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  • WisBar News
    March 19, 2013

    Lawsuit Involving Memorial Day Train Accident Will Continue 

    A railroad company had notice of the Elm Grove Memorial Day parade, so it may have been negligent when its train struck a vehicle that was on the tracks during traffic. Contrary to the railroad company's argument, the state law claims are not preempted by federal law, an appeals court has ruled.

    March 19, 2013 – The Federal Railroad Safety Act does not preempt the negligence and safe-place claims brought plaintiffs injured in a train accident that occurred during a Memorial Day parade in Elm Grove, a state appeals court has ruled.

    In May 2009, Elm Grove police sent a letter to the railroad authority, noting the upcoming Memorial Day parade and requesting notice to train conductors.

    According to Elm Grove police, the railroad’s contact said he issued a “look out order” for conductors to reduce speeds and sound horns when approaching the affected crossings. The railroad’s contact, Steve Rohde, disputes this claim.

    The day of the parade, a family was traveling in two cars through Elm Grove to attend the festivities. In heavy traffic, both cars were forced to stop on the railroad tracks. Suddenly, the crossing bells began to sound and the gates came down.

    Police told Monica Partenfelder, whose van was straddling the main railroad line, to maneuver the vehicle to the gravel shoulder. But the vehicle’s front tire became wedged in the railroad tracks. The van was now facing the oncoming train.

    Officer John Krahn removed Partenfelder from the van, and was attempting to remove Partenfelder’s two-year-old son with father Scott Partenfelder when the train struck the van and seriously injured them both. The young child was not harmed in the collision.

    The train was allegedly traveling at 45 miles per hour when it struck the van, and hit the emergency brakes approximately 350 feet before striking the van. Monica Partenfelder admitted that she should have stopped before the tracks, an ordinance violation.

    But the Partenfelders filed suit against Soo Line Railroad Company, claiming Rohde and the railroad were negligent and violated Wisconsin’s safe-place statute. Officer Krahn filed a separate lawsuit, also alleging negligence.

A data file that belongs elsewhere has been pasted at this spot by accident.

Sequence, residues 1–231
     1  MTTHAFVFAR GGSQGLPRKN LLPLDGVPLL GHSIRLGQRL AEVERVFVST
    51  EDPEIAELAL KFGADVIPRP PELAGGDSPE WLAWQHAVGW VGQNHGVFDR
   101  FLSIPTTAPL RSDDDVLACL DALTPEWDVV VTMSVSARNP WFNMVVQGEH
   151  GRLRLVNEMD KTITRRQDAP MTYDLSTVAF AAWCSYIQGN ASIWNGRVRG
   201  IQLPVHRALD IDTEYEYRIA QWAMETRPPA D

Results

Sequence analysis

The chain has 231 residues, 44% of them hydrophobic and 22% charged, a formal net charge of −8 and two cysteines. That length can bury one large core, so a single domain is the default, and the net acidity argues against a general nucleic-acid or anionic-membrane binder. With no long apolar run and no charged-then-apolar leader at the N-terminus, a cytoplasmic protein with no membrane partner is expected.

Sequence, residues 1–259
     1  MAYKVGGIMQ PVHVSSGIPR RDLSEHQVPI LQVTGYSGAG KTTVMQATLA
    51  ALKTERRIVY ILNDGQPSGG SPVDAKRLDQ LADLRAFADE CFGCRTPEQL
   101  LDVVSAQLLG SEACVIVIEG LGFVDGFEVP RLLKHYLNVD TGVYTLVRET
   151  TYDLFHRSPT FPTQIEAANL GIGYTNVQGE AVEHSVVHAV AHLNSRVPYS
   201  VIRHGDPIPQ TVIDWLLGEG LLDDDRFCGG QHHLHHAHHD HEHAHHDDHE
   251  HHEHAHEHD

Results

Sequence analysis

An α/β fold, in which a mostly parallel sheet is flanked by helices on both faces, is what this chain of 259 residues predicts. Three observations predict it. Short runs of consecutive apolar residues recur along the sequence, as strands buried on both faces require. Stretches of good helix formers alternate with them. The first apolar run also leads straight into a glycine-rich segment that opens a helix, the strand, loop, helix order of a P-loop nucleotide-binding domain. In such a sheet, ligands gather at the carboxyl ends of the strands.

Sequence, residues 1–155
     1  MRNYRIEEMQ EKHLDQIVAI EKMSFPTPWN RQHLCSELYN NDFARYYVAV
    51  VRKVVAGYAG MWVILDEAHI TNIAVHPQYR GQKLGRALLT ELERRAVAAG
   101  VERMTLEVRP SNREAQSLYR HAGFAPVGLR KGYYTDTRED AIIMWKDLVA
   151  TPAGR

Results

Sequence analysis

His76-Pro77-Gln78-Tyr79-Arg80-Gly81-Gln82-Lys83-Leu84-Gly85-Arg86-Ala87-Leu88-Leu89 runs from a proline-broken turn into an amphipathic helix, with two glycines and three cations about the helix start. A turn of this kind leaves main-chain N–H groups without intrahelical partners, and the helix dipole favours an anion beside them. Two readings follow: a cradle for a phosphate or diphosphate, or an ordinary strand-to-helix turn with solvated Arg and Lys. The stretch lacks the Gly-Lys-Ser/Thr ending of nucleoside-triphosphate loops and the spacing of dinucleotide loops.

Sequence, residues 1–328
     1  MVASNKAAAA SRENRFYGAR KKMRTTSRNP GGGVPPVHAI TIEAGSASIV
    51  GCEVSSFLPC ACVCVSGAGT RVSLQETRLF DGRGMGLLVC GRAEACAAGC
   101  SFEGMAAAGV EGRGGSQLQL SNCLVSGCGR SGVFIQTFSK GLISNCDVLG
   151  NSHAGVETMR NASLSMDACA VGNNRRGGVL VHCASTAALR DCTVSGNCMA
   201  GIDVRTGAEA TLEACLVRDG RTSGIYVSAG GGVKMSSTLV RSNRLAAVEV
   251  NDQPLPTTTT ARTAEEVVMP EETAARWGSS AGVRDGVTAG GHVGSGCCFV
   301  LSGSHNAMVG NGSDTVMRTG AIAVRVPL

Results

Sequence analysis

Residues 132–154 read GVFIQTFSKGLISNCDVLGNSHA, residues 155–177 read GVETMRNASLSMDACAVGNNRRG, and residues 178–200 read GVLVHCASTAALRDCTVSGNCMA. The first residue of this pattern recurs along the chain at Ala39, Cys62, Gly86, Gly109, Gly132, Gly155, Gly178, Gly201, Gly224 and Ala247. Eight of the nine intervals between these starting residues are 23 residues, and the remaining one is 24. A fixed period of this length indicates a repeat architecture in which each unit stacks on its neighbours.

Soo Line responded that the claims were preempted by the Federal Railroad Safety Act, and in any event, the company complied with all federal regulations. The Milwaukee County Circuit Court ruled in favor of Soo Line on its exemption defense.

    But in Partenfelder v. Soo Line Railroad Co., 2012AP597 (March 19, 2013), a three-judge panel for the District I Wisconsin Court of Appeals reversed in part.

    It ruled that the plaintiffs’ state law claims survive because there’s an exception to the Federal Railroad Safety Act’s preemption clause for certain tort duties.

    Specifically, the appeals court ruled the train had a duty to slow because it knew about the parade. The railroad had argued that federal law only required it to slow down for specific, individualized hazards, and it slowed down when it saw the van on the tracks.

    But the parade itself was a specific hazard, the appeals court ruled, and the railroad company had notice of it. Thus, it ruled that plaintiffs’ claims aren’t preempted.

    “We agree with the Plaintiffs that, given the facts of this case, the parade was a specific, individual hazard, and therefore claims based upon the parade are excepted from federal preemption under the FSRA,” wrote Judge Kitty Brennan.]

    Judge Patricia Curley dissented on this point, concluding that the exception does not apply unless there’s imminent danger afoot.

    “[T]he parade in this case merely presented the potential for danger, and no specific individual hazard arose until the van stopped on the tracks,” she wrote.


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